Of Mirth Directed
by Terence Davies
Capturing different moments
of Lily’s devastation, Davies’ artistry goes beyond the still life
in exactly the way that cinema supersedes painting and photography; it conveys
emotions (or the ineffable) beneath the surface view of Lily’s world. In
the mansions, plush interiors and formal social gatherings, the characters share
screen space with time and fate. Davies and cinematographer Remi Adefarasin
style the movie after the chilly chiaroscuro of John Singer Sargent–but
not for a museum-standard tone. Their stylistic choices are as startling as
that moment when Edward Hopper was recreated in Pennies from Heaven.
Though Davies and Adefarasin’s compositions are culturally appropriate,
their audacity is further justified by the uncanny way Anderson’s plainness
gets posed into elegance–it is her air of white American feminine beauty
that tells an additional story about the appurtenances of class and money.
It’s essential to appreciate
that The House of Mirth’s imagery vibrates with Davies’
particular meanings–his sensitivity for the kind of struggle life becomes
for Lily–because the film tests the popular taste for period melodrama
catered to by Masterpiece Theater and the Merchant-Ivory productions.
As a genuine tragedy, it demands an evaluation of personality and social temper
more serious than the usual admiration of carriages, drawing rooms and affluent
people in white clothes strolling on green lawns. When Lily is displaced by
an insufficient inheritance and no marital support, Davies transports us into
her psychic universe. The film is layered in literal and metaphorical darkness.
Visually elegant, its effect is spellbinding. Sorrowful as a cello.
Lily recalls Gena Rowlands
in Davies’ The Neon Bible, his first fully realized adult figure
after the childlike POVs of his previous films. But there may be closer identification
here, as evidenced by the poetic representation of Lily’s emotional states–ravishing
evocations of her personal daring and grief that show Davies, a visual artist
in the lineage of Straub, Tarkovsky, Bresson and Techine, to be both imaginative
and brazen. As in his first masterworks, Davies invokes a panoply of romantic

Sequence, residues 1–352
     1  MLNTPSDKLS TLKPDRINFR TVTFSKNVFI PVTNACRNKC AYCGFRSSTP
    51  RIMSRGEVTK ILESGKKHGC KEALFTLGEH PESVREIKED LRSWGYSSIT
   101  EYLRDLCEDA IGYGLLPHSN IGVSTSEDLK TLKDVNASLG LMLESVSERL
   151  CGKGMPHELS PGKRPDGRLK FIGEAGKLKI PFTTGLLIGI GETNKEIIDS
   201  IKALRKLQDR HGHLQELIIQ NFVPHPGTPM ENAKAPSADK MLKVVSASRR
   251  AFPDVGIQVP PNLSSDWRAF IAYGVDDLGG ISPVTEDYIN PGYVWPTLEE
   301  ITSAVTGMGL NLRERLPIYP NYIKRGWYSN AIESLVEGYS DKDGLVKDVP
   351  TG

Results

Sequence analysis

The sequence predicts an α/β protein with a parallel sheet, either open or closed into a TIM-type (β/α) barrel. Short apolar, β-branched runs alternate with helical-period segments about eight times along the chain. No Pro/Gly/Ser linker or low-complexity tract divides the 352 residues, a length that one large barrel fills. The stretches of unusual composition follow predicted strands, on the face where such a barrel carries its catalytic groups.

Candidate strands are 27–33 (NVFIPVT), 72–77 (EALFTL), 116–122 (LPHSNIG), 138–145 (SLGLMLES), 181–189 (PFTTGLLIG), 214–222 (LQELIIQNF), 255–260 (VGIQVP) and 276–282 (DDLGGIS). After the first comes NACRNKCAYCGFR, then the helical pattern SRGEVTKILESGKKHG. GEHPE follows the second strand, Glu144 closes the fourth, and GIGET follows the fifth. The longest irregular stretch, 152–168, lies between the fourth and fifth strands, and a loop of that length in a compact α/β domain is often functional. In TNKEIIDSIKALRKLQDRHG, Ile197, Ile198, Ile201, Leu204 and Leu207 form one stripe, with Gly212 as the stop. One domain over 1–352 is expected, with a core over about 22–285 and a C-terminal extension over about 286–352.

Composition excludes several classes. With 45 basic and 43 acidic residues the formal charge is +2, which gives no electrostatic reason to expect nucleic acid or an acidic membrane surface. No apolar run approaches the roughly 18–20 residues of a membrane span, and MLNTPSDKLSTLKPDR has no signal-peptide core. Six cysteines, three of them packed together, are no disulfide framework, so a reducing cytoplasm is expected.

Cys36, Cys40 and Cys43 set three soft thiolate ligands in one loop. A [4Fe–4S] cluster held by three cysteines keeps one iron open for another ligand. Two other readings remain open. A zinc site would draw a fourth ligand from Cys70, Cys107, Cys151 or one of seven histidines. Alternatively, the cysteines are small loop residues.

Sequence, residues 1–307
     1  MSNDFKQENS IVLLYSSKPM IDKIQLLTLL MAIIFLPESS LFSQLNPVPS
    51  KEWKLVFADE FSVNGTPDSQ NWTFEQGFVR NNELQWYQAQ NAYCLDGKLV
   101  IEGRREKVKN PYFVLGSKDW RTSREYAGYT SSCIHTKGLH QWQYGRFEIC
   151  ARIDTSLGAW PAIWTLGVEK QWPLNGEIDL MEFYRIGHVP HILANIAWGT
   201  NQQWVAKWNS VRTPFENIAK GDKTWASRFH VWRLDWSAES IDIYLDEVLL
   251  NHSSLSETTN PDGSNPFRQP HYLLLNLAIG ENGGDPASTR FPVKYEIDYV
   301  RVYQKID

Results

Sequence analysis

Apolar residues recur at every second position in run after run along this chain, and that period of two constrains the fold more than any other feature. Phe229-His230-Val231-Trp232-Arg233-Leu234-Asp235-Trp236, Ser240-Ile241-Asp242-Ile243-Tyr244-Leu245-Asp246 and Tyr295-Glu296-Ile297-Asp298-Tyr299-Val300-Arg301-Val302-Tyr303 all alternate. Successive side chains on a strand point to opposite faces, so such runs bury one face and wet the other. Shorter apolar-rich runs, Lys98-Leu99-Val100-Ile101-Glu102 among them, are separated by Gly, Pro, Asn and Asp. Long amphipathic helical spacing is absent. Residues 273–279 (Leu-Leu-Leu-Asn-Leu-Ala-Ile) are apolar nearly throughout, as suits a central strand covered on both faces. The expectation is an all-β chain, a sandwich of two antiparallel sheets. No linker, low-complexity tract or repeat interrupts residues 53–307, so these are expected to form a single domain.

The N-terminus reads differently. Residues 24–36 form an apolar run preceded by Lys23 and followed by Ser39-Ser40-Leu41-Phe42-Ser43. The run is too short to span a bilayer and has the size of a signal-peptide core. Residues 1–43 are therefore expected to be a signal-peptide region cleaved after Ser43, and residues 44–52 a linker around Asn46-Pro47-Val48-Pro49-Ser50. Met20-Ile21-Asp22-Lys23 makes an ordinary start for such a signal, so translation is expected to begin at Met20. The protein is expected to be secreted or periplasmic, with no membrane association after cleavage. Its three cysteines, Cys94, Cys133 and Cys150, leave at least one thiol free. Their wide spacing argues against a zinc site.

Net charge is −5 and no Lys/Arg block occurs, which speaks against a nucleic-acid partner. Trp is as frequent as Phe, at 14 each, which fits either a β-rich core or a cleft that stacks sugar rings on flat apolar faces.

ideals: Lily enters the film silhouetted through clouds of train station smoke
like Anna Karenina (or Some Like It Hot, Davies joked during a
press conference) but she comes toward the camera as a timeless figure of loneliness,
her hat (like her cares) precariously balanced. During a flirtation with Lawrence
Selden (Eric Stoltz), the bachelor Lily loves but keeps at bay ("You see,
I came after all"), Davies shifts consciousness to show Lily clasping her
parasol in a fanciful moment, rapturously unrestrained. While charting Lily’s
social descent clearly, steadily, Davies brilliantly underscores it when she
misjudges propriety and, wearing a red gown, attends the opera with her stockbroker,
the married Gus Trenor (Dan Aykroyd). They climb the opera house stairs in a
mournful lockstep like at the end of Thieves Like Us while in the opera
box Lily’s red dress phosphoresces in the auditorium, evoking Bette Davis’
faux-pas in Jezebel. This retention of cultural memory distinguishes
Davies’ art as postmodern, yet few other intellectual filmmakers have been
as sensual or emotional.
Bertolucci praised Martin
Scorsese’s Wharton adaptation The Age of Innocence, saying, "It
is fascinating to see Scorsese at work in the atelier of Visconti," but
even that may have been too distant for the film to work. As The House of
Mirth is interpreted, the primary artist here is not Edith Wharton but Davies,
who has not so much served Wharton as taken her tale personally. It’s salutary
to identify how Davies’ gay insight gives him the right socially alienated
yet emotionally sympathetic understanding of the strictures and hopeless longings
in Lily’s story. (You sense it first in the poignant angle of Lily’s
hat; it’s jaunty, assertive, yet also a shield.) And the forlorn, impoverished,
movie-mad Liverpool kid is apparent here, too. It’s in the way darkness
is paced (the long day closing), and the way that a disconsolate Lily languishes
in a hovel listening to the city’s clatter outside–a superb realization